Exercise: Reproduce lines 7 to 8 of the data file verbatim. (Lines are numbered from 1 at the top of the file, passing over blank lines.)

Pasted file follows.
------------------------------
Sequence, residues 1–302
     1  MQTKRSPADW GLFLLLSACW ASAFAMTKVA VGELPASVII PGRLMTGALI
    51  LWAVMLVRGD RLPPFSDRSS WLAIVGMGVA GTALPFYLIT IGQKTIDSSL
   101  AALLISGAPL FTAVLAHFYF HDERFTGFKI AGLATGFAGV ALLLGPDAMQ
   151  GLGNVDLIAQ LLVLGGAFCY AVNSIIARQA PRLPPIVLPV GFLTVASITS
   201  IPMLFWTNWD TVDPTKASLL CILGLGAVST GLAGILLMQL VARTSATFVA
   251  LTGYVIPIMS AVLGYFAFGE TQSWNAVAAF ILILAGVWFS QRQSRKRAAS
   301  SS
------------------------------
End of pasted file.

   251  LTGYVIPIMS AVLGYFAFGE TQSWNAVAAF ILILAGVWFS QRQSRKRAAS
   301  SS